Off Broadway Reviews
The ghost in question is Lala (Emily Verla), who is bound to her home in Oklahoma where her family has gathered after her funeral to clear out her possessions. It seems she has some unfinished business to take care of before she is free to leave the world behind.
The year is 1999. Time, however, is fluid. Throughout the evening we will be making stops across the entire range of the twentieth century, as letters, photographs, and, most of all, the memories of Lala's cousin Lucretia (Kathleen Huber) bring forth four generations of deceased family members, all women, the bearers of the stories that bind them together.
Lucretia is astonished to find herself, at age 60, to be the keeper of the flame, with no else alive who remembers her as a child. Her own brood, daughters Maud (Rachel Caplan) and Julie (Christa Kimlicko Jones), and son Augie (David Volin) show little interest as she digs up the past, particularly as she tends to repeat herself with some frequency. Only Lala, ever present, seems to listen.
Both Lala and Lucretia were raised by a reluctant caregiver, an aunt who took them in separately as each was orphaned. They were always close, and you could say it is these ties that keep Lala bound to her home. But there is more purpose to Lala's presence, having to do with a fairly large sum of money that keeps turning up in batches in various drawers, closets, handbags, and other hiding places.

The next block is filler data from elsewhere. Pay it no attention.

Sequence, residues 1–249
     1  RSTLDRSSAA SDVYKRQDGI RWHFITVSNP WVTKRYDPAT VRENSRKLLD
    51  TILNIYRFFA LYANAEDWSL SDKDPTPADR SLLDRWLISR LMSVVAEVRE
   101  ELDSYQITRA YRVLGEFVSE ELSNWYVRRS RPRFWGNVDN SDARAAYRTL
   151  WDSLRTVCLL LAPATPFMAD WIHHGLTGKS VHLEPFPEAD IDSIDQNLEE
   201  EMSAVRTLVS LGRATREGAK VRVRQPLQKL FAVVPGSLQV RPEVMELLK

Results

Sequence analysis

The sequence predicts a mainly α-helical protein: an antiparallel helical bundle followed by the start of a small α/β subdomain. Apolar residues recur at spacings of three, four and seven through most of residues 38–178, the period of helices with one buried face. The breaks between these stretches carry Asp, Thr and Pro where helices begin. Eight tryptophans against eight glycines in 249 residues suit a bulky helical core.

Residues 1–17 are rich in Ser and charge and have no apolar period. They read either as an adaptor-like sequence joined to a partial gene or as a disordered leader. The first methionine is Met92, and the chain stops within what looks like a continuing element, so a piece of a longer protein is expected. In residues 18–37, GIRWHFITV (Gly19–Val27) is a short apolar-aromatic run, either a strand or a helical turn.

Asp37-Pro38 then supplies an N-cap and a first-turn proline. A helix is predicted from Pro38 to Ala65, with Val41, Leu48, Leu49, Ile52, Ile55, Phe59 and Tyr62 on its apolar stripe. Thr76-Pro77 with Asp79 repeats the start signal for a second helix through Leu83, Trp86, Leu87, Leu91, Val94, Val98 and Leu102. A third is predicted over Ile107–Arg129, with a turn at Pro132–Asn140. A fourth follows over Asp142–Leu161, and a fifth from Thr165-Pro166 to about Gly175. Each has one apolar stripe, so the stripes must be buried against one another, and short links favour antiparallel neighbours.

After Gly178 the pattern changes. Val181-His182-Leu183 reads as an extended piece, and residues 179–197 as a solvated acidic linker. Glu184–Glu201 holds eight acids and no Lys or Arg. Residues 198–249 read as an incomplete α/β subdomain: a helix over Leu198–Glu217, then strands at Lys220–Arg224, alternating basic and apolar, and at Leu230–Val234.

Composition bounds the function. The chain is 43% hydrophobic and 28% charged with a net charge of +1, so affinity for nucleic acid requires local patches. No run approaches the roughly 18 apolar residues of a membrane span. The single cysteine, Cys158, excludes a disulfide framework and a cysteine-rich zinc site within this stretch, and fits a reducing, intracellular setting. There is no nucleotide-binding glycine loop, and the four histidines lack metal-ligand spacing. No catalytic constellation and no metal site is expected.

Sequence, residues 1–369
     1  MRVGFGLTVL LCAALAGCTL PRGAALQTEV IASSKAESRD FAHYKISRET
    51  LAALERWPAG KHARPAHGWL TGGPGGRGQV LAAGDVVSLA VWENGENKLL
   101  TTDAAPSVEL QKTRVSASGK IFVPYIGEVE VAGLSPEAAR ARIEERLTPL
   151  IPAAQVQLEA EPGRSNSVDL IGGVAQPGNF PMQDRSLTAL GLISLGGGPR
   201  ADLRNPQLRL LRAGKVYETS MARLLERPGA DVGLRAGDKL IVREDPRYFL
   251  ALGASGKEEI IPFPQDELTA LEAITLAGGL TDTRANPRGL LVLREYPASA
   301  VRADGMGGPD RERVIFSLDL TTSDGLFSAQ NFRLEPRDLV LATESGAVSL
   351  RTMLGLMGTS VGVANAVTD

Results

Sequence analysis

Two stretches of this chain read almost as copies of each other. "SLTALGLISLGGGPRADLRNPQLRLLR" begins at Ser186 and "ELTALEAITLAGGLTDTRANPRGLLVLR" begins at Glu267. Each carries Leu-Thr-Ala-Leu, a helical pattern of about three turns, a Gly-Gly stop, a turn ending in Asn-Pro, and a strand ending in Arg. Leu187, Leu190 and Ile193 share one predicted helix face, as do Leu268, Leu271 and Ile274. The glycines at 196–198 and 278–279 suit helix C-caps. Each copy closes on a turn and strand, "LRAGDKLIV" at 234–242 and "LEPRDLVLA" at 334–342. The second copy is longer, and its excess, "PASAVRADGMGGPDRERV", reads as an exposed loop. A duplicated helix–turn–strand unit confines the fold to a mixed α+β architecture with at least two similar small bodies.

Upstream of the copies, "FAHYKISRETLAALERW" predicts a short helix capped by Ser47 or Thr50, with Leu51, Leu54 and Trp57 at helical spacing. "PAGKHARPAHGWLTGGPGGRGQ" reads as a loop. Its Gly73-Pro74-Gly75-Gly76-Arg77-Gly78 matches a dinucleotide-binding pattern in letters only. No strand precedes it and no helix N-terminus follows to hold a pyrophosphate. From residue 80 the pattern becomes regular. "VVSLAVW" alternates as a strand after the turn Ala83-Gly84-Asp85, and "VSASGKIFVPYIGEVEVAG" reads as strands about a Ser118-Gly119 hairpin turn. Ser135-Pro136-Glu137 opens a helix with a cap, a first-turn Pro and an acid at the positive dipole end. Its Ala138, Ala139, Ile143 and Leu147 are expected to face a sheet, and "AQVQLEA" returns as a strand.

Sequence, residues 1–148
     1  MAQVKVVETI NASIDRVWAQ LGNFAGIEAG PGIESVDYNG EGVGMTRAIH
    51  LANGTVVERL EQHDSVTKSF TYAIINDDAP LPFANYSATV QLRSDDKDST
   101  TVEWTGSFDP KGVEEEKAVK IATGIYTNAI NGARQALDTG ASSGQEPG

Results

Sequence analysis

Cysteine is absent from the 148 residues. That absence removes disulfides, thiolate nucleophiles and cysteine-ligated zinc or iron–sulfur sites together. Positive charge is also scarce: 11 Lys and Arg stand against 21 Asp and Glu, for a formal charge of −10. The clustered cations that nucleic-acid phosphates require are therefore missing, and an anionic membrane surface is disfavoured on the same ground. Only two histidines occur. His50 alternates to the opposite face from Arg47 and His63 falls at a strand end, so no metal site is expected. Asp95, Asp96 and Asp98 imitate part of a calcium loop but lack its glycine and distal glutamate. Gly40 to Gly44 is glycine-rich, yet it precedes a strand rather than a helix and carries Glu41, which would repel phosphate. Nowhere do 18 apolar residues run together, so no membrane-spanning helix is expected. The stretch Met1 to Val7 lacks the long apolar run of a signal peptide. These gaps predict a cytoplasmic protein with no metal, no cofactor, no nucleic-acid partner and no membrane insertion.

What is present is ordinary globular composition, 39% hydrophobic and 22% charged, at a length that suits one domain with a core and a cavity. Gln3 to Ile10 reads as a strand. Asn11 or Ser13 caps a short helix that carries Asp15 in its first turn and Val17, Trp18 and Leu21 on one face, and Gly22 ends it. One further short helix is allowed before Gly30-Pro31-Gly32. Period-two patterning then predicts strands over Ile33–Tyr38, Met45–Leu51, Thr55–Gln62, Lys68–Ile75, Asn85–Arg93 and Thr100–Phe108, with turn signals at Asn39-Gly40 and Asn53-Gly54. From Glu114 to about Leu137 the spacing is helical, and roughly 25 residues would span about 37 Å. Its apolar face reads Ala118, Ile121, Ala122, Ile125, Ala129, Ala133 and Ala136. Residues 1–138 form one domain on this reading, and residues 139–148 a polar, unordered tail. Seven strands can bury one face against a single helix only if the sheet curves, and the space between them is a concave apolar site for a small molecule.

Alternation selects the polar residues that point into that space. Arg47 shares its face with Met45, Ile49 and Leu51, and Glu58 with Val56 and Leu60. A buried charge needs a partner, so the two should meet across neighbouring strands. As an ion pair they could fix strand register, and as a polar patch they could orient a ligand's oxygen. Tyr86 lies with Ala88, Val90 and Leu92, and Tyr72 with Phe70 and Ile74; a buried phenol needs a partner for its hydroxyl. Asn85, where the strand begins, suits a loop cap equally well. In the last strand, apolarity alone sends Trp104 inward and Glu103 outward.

While the siblings debate what to do with the money, the past continues to intrude. What gradually reveals itself is a portrait of generations of women who have endured the hardships imposed upon them by virtue of their gender and the subservient and dependent roles they were pressed into playing with respect to the men in their lives. Only Lala tried to break out of the mold, when, in 1946 at the age of 18, she married on a whim a much older man, known as B. (Tom Green), who showered her with the material goods she craved but provided her with little affection. We mostly see them together at their regular restaurant, where B. decides what Lala will eat and where they are served always by the same waiter (Ryan George), whose interactions with them take on some significance.
There is a lovely denouement in which Lala's ghost manages to make her final wishes known. But more than anything, A Name For A Ghost To Mutter is a delicate short story of a play and a portrait of a family (the cast is joined by Lori Fischer and Kelly Kunkel as ancestors). There is some bickering among the siblings, but no great outbursts, accusations, or shocking revelations. And even their mother's repeated tales about their relatives' eccentricities and troubled lives garner little more than rolled eyes. If there is a sad thought to all of this, it is that once Lucretia dies, the stories are likely to be lost forever.
The able cast is skillfully directed by Judson Jones, and the use of carefully detailed touches makes for a lovingly imagined production. In one scene, for example, Julie finds and puts on one of Lala's old designer dresses. Later we see Lala wearing that same dress when it was new (great costume design by Sherry Martinez). Special credit must go to John D. Ivy for his exceptional and seamless sound design (banging pipes, a ticking clock, music), which provides the perfect mood for this wisp of a ghost story.
A Name For A Ghost To Mutter